How Clients’ Money Scripts Predict Their Financial Behaviors

Journal of Financial Planning: November 2012


Executive Summary

  • Money scripts—typically unconscious, trans-generational beliefs about money—are developed in childhood and drive adult financial behaviors.
  • Three categories of money script have been found to have a negative impact on financial health: money avoidance, money status, and money worship. These belief patterns are associated with lower levels of net worth, lower income, and higher amounts of revolving credit.
  • Money script patterns can predict disordered money behaviors, such as financial infidelity, compulsive buying, pathological gambling, compulsive hoarding, financial dependence, and financial enabling.
  • Money vigilance beliefs, including themes of frugality, discreetness, and anxiety about money, appear to be protective factors against poor financial health and destructive financial behaviors. While they encourage saving and frugality, excessive wariness or anxiety could keep someone from enjoying the benefits and sense of security that money can provide.
  • An individual’s profession can predict money script patterns and vulnerability to disordered money behaviors. Specifically, when compared to financial advisers, mental health professionals are more likely to be money avoidant, business professionals are more likely to be anxious and secretive around money, and business professionals, mental health professionals, and educators are more likely to avoid thinking about money, try to forget about their financial situation, and avoid looking at their bank statements.
  • Once identified, money scripts can be challenged and changed to interrupt destructive financial patterns and promote financial health.
  • Financial planners can assess client money scripts as a part of their data gathering process to provide a shared language to explore the impact of money beliefs on financial behaviors and to predict potential risks to clients’ financial health.

Bradley T. Klontz, Psy.D., CFP®, is a financial psychologist and an associate research professor at Kansas State University, director of research at H&R Block Dollars & Sense, and a planner with Personal Financial Consultants, a fee-only investment advisory firm in California and Hawaii.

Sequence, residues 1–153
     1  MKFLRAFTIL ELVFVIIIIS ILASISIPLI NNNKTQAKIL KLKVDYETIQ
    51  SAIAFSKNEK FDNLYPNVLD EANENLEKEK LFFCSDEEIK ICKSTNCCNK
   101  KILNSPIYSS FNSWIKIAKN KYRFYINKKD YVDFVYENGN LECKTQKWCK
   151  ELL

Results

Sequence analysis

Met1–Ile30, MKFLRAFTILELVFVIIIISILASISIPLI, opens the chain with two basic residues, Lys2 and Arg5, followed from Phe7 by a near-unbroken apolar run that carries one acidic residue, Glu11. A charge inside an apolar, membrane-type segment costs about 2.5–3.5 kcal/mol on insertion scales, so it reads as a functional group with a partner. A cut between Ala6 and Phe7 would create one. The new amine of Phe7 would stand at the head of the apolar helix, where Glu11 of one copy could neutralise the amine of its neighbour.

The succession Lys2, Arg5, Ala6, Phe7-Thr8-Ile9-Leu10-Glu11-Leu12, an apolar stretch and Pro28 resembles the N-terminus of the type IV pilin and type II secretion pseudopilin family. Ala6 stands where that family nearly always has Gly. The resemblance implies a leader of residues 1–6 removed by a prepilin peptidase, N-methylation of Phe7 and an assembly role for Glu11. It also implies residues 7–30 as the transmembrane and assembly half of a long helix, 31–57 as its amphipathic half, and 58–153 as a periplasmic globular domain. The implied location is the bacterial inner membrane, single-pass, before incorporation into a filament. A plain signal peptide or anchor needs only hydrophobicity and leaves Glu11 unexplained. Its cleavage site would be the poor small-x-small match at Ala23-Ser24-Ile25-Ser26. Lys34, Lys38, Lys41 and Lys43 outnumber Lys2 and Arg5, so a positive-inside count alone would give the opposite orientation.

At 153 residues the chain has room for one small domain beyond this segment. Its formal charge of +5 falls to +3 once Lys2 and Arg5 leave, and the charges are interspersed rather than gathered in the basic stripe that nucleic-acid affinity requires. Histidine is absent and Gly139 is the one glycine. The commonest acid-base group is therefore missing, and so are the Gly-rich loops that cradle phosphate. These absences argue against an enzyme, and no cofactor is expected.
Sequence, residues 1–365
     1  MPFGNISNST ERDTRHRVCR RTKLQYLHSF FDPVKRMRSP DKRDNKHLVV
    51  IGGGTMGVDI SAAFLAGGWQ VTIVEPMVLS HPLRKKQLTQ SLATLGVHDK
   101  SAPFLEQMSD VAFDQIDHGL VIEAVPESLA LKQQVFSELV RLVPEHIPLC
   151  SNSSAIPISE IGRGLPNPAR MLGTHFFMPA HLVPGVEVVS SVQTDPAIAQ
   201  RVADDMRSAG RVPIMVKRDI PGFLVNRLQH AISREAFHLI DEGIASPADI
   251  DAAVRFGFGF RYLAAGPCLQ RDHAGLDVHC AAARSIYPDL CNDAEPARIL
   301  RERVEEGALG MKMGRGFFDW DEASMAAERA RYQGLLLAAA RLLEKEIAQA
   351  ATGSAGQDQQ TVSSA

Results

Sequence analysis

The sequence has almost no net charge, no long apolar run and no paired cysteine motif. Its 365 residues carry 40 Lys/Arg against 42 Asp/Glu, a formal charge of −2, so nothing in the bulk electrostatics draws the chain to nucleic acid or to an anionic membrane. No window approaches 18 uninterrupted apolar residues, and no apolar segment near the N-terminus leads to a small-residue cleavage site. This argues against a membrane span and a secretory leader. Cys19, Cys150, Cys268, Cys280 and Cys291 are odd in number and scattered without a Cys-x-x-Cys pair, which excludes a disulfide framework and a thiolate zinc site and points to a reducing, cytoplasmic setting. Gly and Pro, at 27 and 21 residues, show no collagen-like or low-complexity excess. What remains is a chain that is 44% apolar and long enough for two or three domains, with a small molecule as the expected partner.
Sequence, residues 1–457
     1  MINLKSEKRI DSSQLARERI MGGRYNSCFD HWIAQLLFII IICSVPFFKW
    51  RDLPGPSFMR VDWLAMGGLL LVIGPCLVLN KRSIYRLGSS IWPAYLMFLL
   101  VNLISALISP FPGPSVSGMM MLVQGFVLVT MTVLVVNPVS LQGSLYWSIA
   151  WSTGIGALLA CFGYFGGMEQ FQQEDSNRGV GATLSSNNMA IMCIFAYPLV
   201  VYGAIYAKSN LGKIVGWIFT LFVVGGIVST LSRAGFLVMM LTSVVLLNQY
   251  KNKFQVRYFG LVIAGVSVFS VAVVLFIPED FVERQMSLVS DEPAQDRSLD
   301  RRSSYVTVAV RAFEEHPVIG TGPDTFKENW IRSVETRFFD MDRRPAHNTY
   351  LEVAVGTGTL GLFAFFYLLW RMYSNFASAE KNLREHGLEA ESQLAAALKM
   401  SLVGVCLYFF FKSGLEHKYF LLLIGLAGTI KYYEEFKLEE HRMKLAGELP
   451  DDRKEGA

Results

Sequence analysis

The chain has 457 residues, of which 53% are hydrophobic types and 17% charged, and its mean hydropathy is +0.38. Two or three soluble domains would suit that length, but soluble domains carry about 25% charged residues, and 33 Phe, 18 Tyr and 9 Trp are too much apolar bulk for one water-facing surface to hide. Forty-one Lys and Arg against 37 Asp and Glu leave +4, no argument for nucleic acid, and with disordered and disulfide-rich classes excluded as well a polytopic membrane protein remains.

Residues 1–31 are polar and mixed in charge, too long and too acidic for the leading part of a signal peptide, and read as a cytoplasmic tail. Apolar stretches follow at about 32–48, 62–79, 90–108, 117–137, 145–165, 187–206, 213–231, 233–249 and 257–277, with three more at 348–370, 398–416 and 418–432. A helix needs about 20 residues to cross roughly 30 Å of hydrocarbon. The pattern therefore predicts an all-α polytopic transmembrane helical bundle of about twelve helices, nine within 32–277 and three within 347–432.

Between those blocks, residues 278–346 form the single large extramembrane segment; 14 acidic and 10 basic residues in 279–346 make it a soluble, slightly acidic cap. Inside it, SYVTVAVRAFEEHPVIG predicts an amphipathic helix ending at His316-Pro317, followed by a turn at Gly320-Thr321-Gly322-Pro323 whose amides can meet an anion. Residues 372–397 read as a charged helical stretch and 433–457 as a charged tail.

Sonya L. Britt, Ph.D., CFP®, is an assistant professor and program director of the registered CFP Board programs at Kansas State University. She has an expertise in financial therapy and quantitative research methodologies in financial planning.

It is common knowledge that psychological traits may interfere with the financial planning process. Numerous popular media outlets post “quizzes” where the reader can answer a few questions and find out what money attitudes or hang-ups they carry. With a few notable exceptions (Furnham 1984; Tang 1992; Yamauchi and Templer 1982), there is a paucity of empirically validated assessments available to determine what psychological preferences may be affecting the financial planning process. The authors have developed two such assessments using sound research methodologies: the Klontz Money Script Inventory (KMSI) (Klontz et al. 2011) and the Klontz Money Behavior Inventory (KMBI) (Klontz et al. 2012). This study examines the association between money scripts and disordered money behaviors. By identifying the association between money scripts and financial behaviors, practitioners can quickly identify clients who may be at risk for disordered money behaviors based on an assessment of their money scripts. To further assist planners in identifying problematic money scripts and behaviors among their clients, we tested the association among respondents’ profession and their financial psychological profile.

Money scripts, a term coined by financial psychologists Brad Klontz and Ted Klontz (Kahler and Fox 2005), are core beliefs about money that drive financial behaviors. Money scripts are typically unconscious, developed in childhood, passed down from generation to generation within families and cultures, contextually bound, and often only partial truths (Klontz and Klontz 2009). When money scripts are developed in response to an emotionally charged, dramatic, or traumatic personal, family, or cultural financial flashpoint, such as significant losses during the Great Depression, parental abandonment, or financial bailouts by a family member, money scripts can become resistant to change, even when they are self-destructive (Klontz and Klontz 2009).